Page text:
A test match between New Zealand and Bangladesh due to start on Saturday in Christchurch has been cancelled in the wake of the shootings.

Earlier, police said earlier they were hunting “an active shooter” in the centre of Christchurch city.

“The risk environment remains extremely high,” New Zealand Police Commissioner Bush said, adding that police were responding with full capacity.

A protest over climate change had been taking place earlier in the city, attended by thousands of people including schoolchildren. Schools in the city were put on lockdown but this has since been lifted.

Mosques in New Zealand have been asked to close their doors as a precaution. Police said there was no hard evidence of a threat to mosques elsewhere in the country, but the commissioner added that it was not possible to assume the attack was isolated to Christchurch.


'Disturbing' video

Video film purporting to show the shootings was streamed live online and has been circulating on social media. Police have not confirmed its veracity; the authorities say they are trying to take the film offline are advising people not to share it.

"I'm absolutely aware, I have seen social media footage. It's very disturbing, it shouldn't be in the public domain and we're doing everything we can to remove it," said Police Commissioner Mike Bush.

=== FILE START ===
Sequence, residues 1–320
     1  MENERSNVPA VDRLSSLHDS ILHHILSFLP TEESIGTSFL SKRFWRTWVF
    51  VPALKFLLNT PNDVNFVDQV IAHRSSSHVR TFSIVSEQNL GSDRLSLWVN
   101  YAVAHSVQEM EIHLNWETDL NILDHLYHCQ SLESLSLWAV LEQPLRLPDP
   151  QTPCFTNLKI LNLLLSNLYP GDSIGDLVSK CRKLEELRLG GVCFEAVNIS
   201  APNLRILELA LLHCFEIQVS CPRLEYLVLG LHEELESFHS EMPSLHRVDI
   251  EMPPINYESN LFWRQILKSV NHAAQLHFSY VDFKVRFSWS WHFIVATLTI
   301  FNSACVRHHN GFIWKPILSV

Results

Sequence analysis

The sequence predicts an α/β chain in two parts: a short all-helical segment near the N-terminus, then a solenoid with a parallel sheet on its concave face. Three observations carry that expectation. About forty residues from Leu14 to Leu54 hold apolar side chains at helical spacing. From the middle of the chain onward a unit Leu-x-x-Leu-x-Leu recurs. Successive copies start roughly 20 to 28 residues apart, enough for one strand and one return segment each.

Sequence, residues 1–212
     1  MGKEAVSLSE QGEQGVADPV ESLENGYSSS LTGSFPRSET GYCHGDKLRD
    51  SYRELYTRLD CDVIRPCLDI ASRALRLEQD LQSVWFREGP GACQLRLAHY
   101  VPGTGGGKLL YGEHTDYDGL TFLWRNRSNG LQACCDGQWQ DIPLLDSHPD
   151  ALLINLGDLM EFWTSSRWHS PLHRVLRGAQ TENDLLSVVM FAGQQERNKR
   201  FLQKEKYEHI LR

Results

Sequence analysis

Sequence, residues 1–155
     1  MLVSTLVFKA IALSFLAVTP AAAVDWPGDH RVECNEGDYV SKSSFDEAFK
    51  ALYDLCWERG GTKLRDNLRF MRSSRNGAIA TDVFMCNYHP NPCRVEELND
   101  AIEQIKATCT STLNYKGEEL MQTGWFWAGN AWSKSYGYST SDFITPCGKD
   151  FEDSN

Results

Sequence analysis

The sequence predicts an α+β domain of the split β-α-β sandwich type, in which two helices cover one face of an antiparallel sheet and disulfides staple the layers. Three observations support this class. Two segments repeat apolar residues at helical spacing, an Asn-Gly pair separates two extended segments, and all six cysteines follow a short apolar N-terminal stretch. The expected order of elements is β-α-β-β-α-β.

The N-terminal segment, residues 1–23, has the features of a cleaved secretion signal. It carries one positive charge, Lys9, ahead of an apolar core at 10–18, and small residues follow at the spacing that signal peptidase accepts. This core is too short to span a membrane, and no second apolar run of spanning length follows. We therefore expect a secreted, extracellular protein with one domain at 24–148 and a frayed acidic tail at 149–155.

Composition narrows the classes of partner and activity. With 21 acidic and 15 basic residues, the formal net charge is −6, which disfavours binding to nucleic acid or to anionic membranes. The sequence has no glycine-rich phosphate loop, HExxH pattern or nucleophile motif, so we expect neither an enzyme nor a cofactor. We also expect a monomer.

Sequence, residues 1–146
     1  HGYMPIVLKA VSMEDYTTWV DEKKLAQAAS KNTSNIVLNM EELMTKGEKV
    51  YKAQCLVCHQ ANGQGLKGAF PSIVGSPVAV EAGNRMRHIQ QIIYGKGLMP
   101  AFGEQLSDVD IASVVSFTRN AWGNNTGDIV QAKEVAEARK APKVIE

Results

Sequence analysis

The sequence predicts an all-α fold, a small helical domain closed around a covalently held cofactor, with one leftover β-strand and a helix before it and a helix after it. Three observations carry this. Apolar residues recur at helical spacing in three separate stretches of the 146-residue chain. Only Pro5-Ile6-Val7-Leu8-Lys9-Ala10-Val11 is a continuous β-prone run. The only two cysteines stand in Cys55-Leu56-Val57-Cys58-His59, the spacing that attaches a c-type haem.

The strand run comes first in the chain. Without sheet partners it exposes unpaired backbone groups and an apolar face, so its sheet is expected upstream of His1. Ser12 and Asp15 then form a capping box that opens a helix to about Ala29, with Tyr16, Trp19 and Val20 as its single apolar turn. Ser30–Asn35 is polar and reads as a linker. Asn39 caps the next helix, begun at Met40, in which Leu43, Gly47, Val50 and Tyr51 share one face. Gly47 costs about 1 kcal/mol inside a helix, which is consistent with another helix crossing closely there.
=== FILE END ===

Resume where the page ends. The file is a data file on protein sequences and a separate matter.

A spokeswoman for Facebook New Zealand said videos which appeared to show the Christchurch shootings had been taken down.

An online manifesto, published shortly before the video was streamed, was linked to from three social media accounts belonging to Brenton Tarrant.

The writer of the manifesto says he is 28 and Australian. The document, stretching to more than 16,000 words, rails against immigration and cites a list of events from various periods of history which the writer links to his self-acknowledged terrorist attack.


A 2013 census showed that Muslims account for just over one percent of New Zealand’s population.

International condemnation

There has been strong condemnation internationally, including from the leaders of many Muslim-majority countries.

Indonesia's foreign minister condemned the act carried out "especially at a place of worship". Reports have suggested several Indonesians were inside at least one of the mosques.

The leader of the biggest party in Malaysia's coalition government described it as a "black tragedy facing humanity and universal peace". A Malaysian was among those wounded and was being treated in hospital, the country's High Commission said.

Pakistan's foreign ministry condemned the attack on social media. Afghanistan's ambassador to the region said three Afghans had been wounded in the attacks.


A spokesman for Turkey's President Erdogan described it as a "racist and fascist" attack.

British Prime Minister Theresa May tweeted on behalf of the UK her “deepest condolences” after a “sickening act of violence”.

European Council President described it as a "brutal attack" that would never diminish New Zealand's "tolerance and decency".